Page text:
Professor Phyllis Deane: Leading and influential figure in the field of economic history
Monday 01 October 2012
Deane was attracted by research but not by teaching; she always disliked showing off
Phyllis Deane was a major figure in the era when economic history was an important and expanding and vibrant discipline in Britain. She was brought to the Department of Applied Economics at Cambridge in 1950, where she quietly rose through the academic ranks. She unassumingly made an impact on the national mind for a good half century and her textbook The First Industrial Revolution (Cambridge University Press, 1965) was immensely influential for several generations of students, running to several reprints.
She was an economist and a historian, in the period when it was possible to be both. She was born in Hong Kong just before the end of the First World War, the daughter of an Admiralty engineer who moved around the Empire and ended up in Glasgow. She was educated first at the Hutcheson's Girls' grammar school and then at the University of Glasgow, where it was possible to graduate with an MA in economics and history, as she did in 1940.
She was strongly influenced by two teachers at Glasgow: the old Professor WR Scott, famous for his three volumes on The Constitution and Finance of English, Scottish and Irish joint-stock companies to 1720 (1910-12), a "poppet", she said; the other the young lecturer Alex Cairncross, just back in Glasgow from Cambridge (ie. Keynes) – "captivatingly brilliant", she said.
She then moved to London, where she remained based for the rest of the 1940s. She was attracted by research, by the careful finding-out of things, and not at all by teaching; she always disliked showing off. She was a research officer, first for the National Institute of Economic and Social Research, and then, after the war, for the Colonial Office. She spent some time in Northern Rhodesia and Nyasaland (as they then were) working up from family income surveys and mining accounts to the first estimates of total national income. Later, from her desk in London, she produced the first national income accounts for Nigeria. Her first publications were about the measurement of colonial national incomes and colonial social accounts.
In 1950 she was invited by Dick Stone (later Professor Sir Richard Stone) to join him at the Department of Applied Economics in Cambridge. This famously productive department – originally established after the war for Maynard Keynes to direct, but he died too soon to do so – engaged in research into economic realities, past and present. She was soon at home there. There were two triumphant products, books that mark an era in British economic history: Deane with WA Cole on British Economic Growth, 1688-1959 and BR Mitchell with Deane, Abstract of British Historical Statistics, both published by the Cambridge University Press in 1962. For a generation, these were the central works in a tradition going back to Gregory King and Adam Smith. "Deane and Cole" and "Mitchell and Deane" mark the beginning of the high point of British economic history as a discipline.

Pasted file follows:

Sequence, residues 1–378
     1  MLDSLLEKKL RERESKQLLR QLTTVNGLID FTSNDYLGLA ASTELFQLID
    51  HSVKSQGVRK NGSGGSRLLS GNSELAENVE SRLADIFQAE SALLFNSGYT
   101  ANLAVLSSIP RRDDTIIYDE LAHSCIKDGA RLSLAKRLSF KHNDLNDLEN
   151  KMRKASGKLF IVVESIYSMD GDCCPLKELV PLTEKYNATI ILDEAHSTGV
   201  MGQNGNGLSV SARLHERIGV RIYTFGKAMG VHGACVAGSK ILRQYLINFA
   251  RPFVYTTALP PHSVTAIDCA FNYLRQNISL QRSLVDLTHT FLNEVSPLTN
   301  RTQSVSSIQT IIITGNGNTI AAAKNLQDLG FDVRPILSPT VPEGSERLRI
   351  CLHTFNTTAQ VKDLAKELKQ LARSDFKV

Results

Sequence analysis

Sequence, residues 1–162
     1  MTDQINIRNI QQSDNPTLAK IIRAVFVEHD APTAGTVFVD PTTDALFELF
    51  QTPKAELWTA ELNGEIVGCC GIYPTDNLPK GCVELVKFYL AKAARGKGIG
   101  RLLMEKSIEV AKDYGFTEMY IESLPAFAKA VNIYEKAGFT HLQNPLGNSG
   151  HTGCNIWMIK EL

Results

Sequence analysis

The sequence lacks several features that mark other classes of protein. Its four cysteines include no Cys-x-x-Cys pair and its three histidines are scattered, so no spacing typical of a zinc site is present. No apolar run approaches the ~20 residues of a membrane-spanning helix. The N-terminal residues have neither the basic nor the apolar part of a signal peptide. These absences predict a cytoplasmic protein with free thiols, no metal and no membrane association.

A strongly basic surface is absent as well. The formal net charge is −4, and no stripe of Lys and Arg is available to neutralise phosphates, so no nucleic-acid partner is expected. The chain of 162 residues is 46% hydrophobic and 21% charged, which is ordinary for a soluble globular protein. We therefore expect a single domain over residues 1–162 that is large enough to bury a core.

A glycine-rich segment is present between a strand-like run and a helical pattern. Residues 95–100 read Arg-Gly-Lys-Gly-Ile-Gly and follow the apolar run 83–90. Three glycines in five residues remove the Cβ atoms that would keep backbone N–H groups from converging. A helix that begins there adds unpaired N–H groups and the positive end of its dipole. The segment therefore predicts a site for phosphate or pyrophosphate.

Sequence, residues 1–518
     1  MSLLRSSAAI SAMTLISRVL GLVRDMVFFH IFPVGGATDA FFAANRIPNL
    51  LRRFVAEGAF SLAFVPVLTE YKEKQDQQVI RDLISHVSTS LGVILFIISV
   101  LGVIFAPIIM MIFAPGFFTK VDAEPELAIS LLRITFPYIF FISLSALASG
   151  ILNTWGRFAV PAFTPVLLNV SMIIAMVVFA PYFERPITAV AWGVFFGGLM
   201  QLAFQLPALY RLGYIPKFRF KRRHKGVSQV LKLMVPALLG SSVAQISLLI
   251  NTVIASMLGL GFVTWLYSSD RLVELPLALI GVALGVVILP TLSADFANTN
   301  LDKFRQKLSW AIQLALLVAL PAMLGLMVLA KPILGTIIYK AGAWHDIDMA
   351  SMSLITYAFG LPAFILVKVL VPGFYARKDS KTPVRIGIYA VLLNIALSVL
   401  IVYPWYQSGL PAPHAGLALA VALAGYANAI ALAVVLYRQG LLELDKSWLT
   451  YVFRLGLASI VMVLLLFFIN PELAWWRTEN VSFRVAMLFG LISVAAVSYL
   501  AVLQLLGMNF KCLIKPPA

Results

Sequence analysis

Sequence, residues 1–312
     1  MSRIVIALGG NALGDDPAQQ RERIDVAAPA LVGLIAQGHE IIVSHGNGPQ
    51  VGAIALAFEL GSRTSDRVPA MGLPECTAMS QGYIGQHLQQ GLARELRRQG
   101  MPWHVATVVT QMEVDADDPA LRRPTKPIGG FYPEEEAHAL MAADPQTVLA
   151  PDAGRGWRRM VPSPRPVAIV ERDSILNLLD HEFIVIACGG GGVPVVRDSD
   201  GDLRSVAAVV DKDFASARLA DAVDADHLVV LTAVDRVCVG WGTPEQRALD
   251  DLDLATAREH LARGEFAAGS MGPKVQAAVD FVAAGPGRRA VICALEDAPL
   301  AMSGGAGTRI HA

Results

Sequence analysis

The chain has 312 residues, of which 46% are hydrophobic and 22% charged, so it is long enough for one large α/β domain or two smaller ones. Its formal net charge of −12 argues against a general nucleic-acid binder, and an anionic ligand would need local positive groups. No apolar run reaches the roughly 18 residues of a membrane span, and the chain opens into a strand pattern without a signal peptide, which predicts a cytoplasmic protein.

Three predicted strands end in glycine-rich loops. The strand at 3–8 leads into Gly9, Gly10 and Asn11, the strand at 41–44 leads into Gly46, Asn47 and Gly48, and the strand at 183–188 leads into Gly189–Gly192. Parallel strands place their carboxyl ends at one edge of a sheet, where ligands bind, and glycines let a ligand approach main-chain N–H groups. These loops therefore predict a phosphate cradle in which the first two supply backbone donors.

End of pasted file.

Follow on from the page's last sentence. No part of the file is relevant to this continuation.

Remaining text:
Deane was tempted into teaching, and as a clear and direct thinker and speaker, she did very well. She became a lecturer in economics at Cambridge in 1961, Reader in Economic History in 1971, and despite the grudging way in which Cambridge awards the title of professor, Professor of Economic History for the two years before she retired in 1983. In these years, she gave a lecture course in economic history for students of economics, focusing in particular on the industrial revolution, and it was the publication of the textbook based on these lectures that made her name.
She next wrote an admirably clear account of The evolution of economic ideas (also Cambridge University Press, 1978), and also much reprinted. Cambridge University Press kept pressing her for a revised edition of her The First Industrial Revolution, but she did not want to bother to go over ground already covered. The increasingly econometric fussiness of "the new economic history" did not appeal to her. She did not like empty economic boxes. She liked them filled with human variety.
Her last work was a biography of Keynes's father, The life and times of J Neville Keynes (2001), an admirable man who wrote one important book on economics and then became a Cambridge administrator, in the days when there were intelligent administrators. The CUP stupidly and petulantly refused to publish it. It was published elsewhere.
Professor Deane was terrifically good and efficient at organising anything she thought worthwhile. She edited the Economic Journal from 1968 to 1975, and she was President of the Royal Economic Society in 1980-82. For many years she represented the Royal Economic Society on the Council of the Economic History Society. She worked hard for Newnham College in Cambridge, where she was an active Fellow from 1961. She was made a Fellow of the British Academy in 1980. Direct, careful, caring, sensible, brisk when necessary, no-nonsense; she had a look in her eye that was not cynical, but sceptical, certainly undermining of pomposity in any form.
She has been captured for posterity by two interesting video interviews, one by Nick Crafts (for the Institute of Historical Research in 1995) and one by me (for the Economic History Society in 2002). Her long-time companion, Joan Porter, died a few years ago.
Phyllis Mary Deane, economic historian: born Hong Kong 13 October 1918; Department of Applied Economics, Cambridge 1950-61; Lecturer in Economics 1961-71, Reader in Economic History 1971-81, Professor of Economic History 1981-83, and subsequently Emeritus Professor, University of Cambridge; Fellow of Newnham College 1961-83, and subsequently Honorary Fellow; FBA (1980); partner to Joan Porter; died Cambridge 28 July 2012
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